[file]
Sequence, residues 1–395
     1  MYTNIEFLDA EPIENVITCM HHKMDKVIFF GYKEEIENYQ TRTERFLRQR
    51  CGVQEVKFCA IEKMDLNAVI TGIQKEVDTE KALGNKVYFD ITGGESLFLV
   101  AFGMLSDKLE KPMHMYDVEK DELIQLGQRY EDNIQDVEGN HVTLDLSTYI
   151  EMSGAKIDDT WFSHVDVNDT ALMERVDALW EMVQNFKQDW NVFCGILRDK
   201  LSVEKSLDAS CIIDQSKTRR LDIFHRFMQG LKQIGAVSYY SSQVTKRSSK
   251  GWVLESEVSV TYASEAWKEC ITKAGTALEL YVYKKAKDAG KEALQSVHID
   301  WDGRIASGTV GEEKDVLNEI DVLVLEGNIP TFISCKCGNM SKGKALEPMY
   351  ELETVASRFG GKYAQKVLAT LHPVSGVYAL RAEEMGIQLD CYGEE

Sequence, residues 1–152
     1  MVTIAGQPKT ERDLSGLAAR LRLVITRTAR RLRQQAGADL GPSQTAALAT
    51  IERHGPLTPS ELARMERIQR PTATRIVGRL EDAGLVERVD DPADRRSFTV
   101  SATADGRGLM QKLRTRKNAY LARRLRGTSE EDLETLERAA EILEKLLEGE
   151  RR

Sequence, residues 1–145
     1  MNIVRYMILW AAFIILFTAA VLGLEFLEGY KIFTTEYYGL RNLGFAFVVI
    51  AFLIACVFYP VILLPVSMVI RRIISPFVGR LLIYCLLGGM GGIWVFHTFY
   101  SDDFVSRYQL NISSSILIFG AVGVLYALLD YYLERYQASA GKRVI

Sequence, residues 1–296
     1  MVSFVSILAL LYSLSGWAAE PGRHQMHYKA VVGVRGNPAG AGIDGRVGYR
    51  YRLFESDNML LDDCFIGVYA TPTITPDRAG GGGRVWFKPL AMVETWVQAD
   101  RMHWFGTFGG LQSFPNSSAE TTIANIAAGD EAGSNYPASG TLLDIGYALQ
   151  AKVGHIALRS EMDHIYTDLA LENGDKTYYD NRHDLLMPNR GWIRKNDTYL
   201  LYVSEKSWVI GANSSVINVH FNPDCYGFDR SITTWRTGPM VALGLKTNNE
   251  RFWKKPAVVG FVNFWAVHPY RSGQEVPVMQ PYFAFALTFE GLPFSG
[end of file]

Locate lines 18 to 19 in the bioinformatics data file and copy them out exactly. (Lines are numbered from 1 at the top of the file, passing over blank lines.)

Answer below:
   101  SDDFVSRYQL NISSSILIFG AVGVLYALLD YYLERYQASA GKRVI

Sequence, residues 1–296